Polish Spring
Jacek Borcuch’s All That I Love (Wszystko, co kocham, 2009)

All that I love is based on director Jacek Borcuch’s memories of being seventeen. The film’s protagonist, the similarly named Janek (Mateusz Kosciukiewicz), is a schoolboy and member of a punk band. The first scene shows four young boys playing punk music in an abandoned bus. The lyrics of their music go something like: «We don’t want to do what you say, we don’t want to be ruled by you or the teachers or Winnie the pooh». Typical of punk music, there’s a lack of melody and a childishness to the lyrics they offer so unashamedly that it’s almost cool. Janek, the vocalist, is a sensitive kid, the kind of boy who would seem more in his element singing in an emo band: strangely though, it is exactly this misplacement that makes the film so poignant.

Set during the uprisings in Poland in 1981 around the Solidarity labour movement and the implementation of the martial law when a curfew was put in place, telephone communication was forbidden, and Solidarity members were persecuted and often put in jail. All of these elements are illustrated in the film, and Janek manages to get out of some tricky situations to do with the curfew because of his father’s military position. Ideas of censure and corruption are woven into the plot, for example when Janek’s band is forbidden from playing at the school dance because of an altercation he has with a neighbour over an older woman.

Janek has conflicting ideals. His father, whom he secretly admires, is a communist enforcer, while his girlfriend, Basia, is from a family involved with the Solidarity movement. Basia’s father is taken away because of his affiliation with the anti-soviet protest movement, so her mother prevents the young lovers from seeing each other. This story derives from Borcuch’s own experience. In an interview he talks about that time saying: “her father hated me, we were like Romeo and Juliet or something”.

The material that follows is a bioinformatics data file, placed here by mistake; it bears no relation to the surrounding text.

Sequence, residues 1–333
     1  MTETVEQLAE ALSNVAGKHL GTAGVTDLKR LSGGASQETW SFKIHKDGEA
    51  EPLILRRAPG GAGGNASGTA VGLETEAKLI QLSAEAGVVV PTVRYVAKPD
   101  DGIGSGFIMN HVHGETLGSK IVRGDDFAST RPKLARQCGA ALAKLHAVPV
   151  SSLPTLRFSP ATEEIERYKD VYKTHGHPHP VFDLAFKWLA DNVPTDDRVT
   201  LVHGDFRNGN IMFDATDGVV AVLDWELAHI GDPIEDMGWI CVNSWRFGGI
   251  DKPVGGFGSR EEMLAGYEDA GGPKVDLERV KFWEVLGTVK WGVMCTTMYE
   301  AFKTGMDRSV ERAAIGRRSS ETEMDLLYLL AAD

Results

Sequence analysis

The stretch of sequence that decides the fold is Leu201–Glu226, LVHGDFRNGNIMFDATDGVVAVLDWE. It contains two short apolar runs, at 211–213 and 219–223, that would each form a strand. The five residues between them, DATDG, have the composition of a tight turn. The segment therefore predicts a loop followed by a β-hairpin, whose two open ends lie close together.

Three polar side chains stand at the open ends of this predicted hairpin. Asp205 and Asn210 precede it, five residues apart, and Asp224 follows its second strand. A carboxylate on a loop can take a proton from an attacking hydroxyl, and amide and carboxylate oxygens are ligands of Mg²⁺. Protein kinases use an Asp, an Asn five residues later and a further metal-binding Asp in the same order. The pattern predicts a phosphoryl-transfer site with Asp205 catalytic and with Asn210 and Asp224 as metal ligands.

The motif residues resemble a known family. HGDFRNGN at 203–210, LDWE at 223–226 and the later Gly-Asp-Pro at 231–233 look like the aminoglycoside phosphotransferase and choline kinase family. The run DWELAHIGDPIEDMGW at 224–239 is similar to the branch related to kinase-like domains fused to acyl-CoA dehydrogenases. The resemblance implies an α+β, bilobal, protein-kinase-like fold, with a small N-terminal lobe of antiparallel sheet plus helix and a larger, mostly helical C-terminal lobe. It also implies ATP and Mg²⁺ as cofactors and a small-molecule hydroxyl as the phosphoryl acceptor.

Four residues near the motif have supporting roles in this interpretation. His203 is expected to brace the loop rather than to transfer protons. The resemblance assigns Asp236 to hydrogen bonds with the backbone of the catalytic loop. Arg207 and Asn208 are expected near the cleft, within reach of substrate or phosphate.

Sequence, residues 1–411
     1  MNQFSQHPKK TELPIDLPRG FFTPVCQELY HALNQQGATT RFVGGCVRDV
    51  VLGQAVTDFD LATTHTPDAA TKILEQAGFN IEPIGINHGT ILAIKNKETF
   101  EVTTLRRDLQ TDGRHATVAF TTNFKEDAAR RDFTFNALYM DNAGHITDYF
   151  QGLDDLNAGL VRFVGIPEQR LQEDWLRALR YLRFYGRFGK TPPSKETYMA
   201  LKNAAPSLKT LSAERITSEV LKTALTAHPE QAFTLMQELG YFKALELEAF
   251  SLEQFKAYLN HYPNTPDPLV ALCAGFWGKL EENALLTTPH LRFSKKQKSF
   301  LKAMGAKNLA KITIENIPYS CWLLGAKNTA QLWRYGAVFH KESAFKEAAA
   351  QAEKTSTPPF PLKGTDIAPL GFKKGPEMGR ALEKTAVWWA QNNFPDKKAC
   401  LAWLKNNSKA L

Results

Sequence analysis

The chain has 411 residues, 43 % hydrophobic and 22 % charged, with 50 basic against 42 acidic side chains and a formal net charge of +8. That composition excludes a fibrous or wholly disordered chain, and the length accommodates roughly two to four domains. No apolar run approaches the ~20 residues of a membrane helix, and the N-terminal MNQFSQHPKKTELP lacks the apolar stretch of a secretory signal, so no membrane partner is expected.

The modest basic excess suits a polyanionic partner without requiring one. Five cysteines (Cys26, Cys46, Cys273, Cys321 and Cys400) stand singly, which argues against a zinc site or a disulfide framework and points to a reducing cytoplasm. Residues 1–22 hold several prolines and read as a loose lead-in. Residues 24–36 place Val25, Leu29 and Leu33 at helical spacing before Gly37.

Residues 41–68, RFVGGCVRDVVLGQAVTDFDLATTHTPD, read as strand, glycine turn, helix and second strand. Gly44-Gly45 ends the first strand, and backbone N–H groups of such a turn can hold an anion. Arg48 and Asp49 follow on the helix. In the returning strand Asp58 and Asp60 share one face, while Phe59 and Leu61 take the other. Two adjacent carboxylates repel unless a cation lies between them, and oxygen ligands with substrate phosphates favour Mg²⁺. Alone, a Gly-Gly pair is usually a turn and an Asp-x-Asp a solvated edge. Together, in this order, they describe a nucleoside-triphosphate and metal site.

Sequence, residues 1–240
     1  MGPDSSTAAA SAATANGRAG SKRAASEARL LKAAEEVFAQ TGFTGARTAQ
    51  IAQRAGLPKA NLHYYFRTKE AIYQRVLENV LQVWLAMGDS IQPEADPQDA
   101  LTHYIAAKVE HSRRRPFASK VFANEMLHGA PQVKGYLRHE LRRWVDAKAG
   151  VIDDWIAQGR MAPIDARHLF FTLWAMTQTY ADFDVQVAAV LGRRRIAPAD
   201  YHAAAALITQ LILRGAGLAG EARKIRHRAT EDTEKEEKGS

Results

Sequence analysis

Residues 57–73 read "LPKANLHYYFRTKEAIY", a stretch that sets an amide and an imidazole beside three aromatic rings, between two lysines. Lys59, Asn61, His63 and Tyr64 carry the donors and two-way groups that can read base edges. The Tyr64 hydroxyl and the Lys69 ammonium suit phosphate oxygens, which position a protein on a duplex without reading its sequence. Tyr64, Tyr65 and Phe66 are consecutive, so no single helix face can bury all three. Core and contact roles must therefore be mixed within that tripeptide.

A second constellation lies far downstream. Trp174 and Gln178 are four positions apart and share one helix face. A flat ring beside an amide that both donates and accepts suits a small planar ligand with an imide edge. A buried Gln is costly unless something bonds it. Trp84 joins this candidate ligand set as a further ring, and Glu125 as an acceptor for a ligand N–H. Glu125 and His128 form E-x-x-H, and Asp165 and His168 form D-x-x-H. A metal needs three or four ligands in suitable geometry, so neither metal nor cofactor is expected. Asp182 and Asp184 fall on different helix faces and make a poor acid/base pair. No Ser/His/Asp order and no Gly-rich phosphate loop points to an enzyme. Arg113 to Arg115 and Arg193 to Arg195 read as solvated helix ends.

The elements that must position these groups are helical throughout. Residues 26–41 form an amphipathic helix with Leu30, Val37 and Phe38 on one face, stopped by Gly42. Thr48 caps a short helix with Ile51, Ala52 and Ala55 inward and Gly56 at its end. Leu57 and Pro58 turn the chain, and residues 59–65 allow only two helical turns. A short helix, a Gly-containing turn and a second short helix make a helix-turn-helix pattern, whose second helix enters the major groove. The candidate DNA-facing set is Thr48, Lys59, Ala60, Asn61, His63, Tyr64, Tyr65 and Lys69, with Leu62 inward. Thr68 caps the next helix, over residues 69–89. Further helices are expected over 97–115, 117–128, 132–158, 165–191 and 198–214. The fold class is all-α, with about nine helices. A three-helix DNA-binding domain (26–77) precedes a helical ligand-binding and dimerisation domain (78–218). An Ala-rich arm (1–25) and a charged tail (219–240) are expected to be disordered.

Janek and the group’s guitarist have a Lennon / McCartney type relationship. In one particularly beautiful scene their exclusivity is expressed as they sit looking out over the cold sea. Janek’s friend has just been beaten by his father, he asks Janek “not to tell the others”. Punk music is really important to these boys, and through the harsh winter where things are rapidly changing in Poland and their lives, it is the one thing that keeps them focused where they might otherwise have gone astray. As the film progresses, the viewer begins to understand how such seemingly meaningless music, devoid of real political direction and driven by a kind of grungy pompous theatricality, can actually mean a lot and be about love. Punk is a tool for them, they genuinely believe they are living in an unfair society where they can only express their ideas and emotions through music. When Janek walks Basia, his love-interest, to the dock after school one day, they start chatting about romance, he admits his band is called ‘ATIL’ which stands for ‘All, that I love’, she replies « you see, you are romantic », and indeed Janek is very romantic. It’s like they are simply doing what teenagers do best, by fighting what they perceive as nihilism with nihilism.

The title of the film is reminiscent of a line in the Edgar Allen Poe poem Alone : “And all I loved, I loved alone”. Like the poem, the film expresses the deep feelings of solitude that come from a love or passion that cannot be shared, a part of the pain of growing up. The shock of learning that every emotion, good or bad, love or hate, can never be fully shared by another person: “From childhood’s hour I have not been / As others were; I have not seen /As others saw”. The film begins in spring and ends the following spring. During the harsh winter, Janek has great changes in his life. He falls in love with a girl and discovers protest music. The Spring at the end of the film represents hope for a free Poland and we hope a new love for Janek.